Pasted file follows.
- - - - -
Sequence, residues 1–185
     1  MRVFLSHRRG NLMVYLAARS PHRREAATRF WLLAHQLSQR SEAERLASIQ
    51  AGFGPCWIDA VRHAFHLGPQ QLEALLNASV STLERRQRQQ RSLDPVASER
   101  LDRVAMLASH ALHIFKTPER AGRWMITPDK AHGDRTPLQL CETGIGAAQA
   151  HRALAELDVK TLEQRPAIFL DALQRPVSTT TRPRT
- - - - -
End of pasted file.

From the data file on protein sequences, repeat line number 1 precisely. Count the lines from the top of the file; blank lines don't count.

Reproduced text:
Sequence, residues 1–185